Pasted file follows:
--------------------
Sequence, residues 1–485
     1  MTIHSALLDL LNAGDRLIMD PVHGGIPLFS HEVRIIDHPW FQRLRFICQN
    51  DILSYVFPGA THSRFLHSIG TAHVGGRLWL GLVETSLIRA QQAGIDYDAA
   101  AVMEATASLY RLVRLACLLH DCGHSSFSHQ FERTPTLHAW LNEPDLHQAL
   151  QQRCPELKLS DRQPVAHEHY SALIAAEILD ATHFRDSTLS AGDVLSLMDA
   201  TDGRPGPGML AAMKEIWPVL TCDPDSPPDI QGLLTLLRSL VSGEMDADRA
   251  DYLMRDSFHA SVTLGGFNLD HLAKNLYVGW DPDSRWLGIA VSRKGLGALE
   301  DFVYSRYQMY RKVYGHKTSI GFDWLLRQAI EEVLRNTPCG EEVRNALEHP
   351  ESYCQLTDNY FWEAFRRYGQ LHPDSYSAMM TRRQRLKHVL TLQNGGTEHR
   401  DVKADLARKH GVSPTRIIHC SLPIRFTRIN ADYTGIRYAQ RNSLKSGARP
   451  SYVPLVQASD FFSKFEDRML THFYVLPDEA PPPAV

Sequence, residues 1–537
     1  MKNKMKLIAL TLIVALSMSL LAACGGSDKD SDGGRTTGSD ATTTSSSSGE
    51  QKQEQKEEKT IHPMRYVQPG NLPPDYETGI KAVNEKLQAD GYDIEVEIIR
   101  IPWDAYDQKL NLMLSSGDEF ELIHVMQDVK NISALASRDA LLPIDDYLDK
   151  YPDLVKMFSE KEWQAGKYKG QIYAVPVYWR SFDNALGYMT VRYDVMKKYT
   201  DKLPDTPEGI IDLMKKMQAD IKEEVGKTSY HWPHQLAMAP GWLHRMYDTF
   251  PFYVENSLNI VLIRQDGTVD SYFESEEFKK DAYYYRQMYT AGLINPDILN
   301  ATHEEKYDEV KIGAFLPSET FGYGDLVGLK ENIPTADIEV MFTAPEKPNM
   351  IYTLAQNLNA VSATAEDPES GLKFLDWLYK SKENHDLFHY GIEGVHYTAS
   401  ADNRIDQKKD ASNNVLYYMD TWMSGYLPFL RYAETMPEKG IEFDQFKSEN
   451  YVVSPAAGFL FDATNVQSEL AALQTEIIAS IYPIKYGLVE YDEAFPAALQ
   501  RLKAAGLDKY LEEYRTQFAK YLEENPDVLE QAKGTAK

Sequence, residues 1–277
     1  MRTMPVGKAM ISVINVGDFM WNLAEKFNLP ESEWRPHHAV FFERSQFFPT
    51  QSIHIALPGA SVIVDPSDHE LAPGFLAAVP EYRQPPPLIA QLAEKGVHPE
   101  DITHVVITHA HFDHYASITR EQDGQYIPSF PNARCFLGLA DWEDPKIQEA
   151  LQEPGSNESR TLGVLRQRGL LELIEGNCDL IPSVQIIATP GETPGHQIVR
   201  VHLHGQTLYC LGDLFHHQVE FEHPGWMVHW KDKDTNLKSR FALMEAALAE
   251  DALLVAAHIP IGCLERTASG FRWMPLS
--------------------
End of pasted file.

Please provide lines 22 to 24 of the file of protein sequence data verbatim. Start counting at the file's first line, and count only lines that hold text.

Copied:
   451  YVVSPAAGFL FDATNVQSEL AALQTEIIAS IYPIKYGLVE YDEAFPAALQ
   501  RLKAAGLDKY LEEYRTQFAK YLEENPDVLE QAKGTAK

Sequence, residues 1–277